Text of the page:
7 zero waste Christmas decoration ideas [plastic-free!]

Looking for eco-friendly zero waste Christmas ornaments, decor or gift wrap ideas? I was wondering about this about three years ago when we got our first tree. I didn’t feel right about buying a ton of decorations that were not biodegradable at all. I started exploring zero waste decor and realized it could be loads of fun! It takes time, and currently, as a new mom, it can be a challenge, but I hope to make decoration creation part of our family traditions. Here are seven ideas that we have been using to keep our holidays low waste and lots of fun.

Dried oranges

Grapefruit and salt dough garland. Fully compostable but hang on to the string for next year.

Dried oranges are just as beautiful as a garland or an addition to your gift wrap. They can be a little tricky to prepare, so make sure you follow instructions closely. There are many tutorials online. If making them yourself is too much trouble, you can buy some on Etsy or other local vendors. I love these because they are just fabulous for Christmas, but they are also perfect for any time of year. Hang onto your garland after the holidays and keep the oranges for birthday presents in the coming months.

Gingerbread Cookie Ornaments

These circle cookies are easy to make. Piping them is a little trickier.

Making gingerbread ornaments was my first attempt at zero waste decor, and it was a hit. I baked a batch of these easy cookies and used them as ornaments on the tree and gift wrap decor. Google “vegan gingerbread recipe” to find a good option. They remained fresh for weeks so you could eat or compost them after the holidays. I recommend making them just a day or two before your holiday event so that they are extra edible for hungry little cookie munchers. Cookies are an excellent alternative to candy canes that are covered in plastic wrap. Include a small basket next to the tree where you can keep discarded cookie ribbons so that you can wash them and use them again the following year.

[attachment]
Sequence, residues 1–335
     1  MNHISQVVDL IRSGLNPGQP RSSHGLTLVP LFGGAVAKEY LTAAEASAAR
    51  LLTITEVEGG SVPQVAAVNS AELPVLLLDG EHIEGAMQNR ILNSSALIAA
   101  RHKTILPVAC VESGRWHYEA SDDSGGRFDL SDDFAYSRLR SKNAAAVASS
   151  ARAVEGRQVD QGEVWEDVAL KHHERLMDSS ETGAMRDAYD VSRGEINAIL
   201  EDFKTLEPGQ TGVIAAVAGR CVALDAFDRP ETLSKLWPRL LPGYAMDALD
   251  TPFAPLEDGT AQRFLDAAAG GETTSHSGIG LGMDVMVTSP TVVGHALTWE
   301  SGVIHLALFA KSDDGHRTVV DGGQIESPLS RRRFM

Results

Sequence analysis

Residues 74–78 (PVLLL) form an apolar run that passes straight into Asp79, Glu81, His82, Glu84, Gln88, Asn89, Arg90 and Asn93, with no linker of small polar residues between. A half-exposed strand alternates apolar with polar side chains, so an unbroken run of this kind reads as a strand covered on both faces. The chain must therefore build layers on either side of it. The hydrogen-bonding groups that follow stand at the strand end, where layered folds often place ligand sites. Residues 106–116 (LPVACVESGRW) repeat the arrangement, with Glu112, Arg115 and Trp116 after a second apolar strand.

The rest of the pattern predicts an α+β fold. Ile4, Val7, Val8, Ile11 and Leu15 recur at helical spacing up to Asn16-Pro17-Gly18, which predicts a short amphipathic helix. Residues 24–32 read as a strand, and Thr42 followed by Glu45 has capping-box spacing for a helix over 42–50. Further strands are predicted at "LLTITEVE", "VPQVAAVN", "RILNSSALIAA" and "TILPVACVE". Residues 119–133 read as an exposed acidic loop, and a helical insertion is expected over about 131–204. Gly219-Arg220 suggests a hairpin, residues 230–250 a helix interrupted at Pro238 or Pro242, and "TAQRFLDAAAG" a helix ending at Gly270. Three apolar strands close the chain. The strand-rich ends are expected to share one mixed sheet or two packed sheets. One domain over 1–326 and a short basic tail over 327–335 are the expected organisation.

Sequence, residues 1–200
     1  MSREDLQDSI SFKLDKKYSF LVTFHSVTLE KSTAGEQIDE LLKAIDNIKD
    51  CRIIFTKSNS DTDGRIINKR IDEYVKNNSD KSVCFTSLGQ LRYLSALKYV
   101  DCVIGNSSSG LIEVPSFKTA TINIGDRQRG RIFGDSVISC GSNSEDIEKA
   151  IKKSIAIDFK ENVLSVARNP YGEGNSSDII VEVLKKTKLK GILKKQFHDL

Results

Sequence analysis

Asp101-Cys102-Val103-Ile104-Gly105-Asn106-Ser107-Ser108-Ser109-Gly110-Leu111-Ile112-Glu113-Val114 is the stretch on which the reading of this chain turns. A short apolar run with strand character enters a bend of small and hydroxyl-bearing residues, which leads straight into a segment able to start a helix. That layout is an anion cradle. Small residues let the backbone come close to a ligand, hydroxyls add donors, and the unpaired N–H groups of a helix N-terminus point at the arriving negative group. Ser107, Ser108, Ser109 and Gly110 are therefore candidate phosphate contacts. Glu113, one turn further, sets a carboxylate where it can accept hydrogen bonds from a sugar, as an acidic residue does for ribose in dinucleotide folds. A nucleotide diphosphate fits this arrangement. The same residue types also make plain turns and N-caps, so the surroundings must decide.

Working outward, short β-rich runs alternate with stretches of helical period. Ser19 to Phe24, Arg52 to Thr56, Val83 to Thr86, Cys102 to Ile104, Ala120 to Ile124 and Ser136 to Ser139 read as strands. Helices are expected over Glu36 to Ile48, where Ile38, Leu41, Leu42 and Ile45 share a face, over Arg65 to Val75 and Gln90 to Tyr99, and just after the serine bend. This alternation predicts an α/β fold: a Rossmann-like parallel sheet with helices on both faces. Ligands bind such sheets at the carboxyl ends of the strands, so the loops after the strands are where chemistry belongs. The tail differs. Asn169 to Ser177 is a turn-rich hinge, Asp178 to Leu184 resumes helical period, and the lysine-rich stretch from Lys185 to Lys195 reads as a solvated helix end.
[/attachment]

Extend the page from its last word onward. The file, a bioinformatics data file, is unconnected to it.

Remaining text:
Adding cookies to a gift is a fun touch. It’s not very sanitary without wrapper so I add these at the very end.

Salt dough ornaments

Little salt dough circles added to the garland.

Salt dough ornaments are a fun, kid-friendly craft. You can make handprints, stars or Christmas tree shapes. You can also make smaller pieces to add to a custom garland. I’m excited to make this a family tradition allowing my one-year-old to paint her very first ornament this year! If you want to keep this compostable, use food colouring as paint.

Popcorn garland

I find popcorn garlands adorable. It can come off a little corny, but if you keep it simple, I think it can be quite beautiful. I wouldn’t recommend eating this garland; compost it once the holidays are over.

Dried flowers

Dried flowers are making a big come back and I found some stunning bouquets at local florists. You can also dry your fresh flowers by hanging them upside down for a few days. My favourite blooms for the holidays are baby’s breath because they look like specks of snow. They are also straightforward to dry, and you can get a lot of mileage out of them. If you want to add a splash of colour, statice purple flowers dry well, and they are cheap and easy to find. Dried bunny tails are cute too, and you can repurpose them for easter. I like to use dried flowers for table arrangements, gift wrapping or even added to the tree.

Hang flowers upside down to dry them. It shouldn’t take more than two or three days.

Scarves and vintage fabrics

Scrap fabric gift wrap. No sewing required!

Hit up your local thrift shop and pick up a few vintage scarves or a piece of fabric. Someone’s old drapes just might make a beautiful table runner or a fabric gift wrap. You may have heard about Furoshiki, a Japanese practice of wrapping items in fabric which versatile and beautiful. You can save the fabric and reuse it over and over, or in the case of a scarf, let the recipient keep it as an added part of the gift. If you’re any good at sewing, the vintage fabric also makes lovely bunting or gift bags.

Buy local and handmade

Okay, I get it, going full DIY is not for everyone. And that’s okay. Almost everything I mentioned above and be purchased on Etsy. If you don’t want to make your decor then opt to buy from local artisans or ethical retailers. In Montreal, I already found two great places to find some beautiful decorations.

Quebec-based Goodee is selling Christmas Bauble’s handcrafted in Colombia. I like this site because it offers socially-conscious design-focused products from artisans around the world.

Photo from Chez Nous Creations, located in Rosemere, Quebec.

A friend of mine has been raving about Chez Nous Creations‘ custom handmade decorations. Not only are these a lovely decoration idea, but they also make a fabulous holiday gift.

Whatever you decide to do, make it fun. And if you do end up buying a lot of glass or plastic ornaments, just make sure to hang on to them as long as possible to reduce what you send to the landfill!

Happy holidays everyone!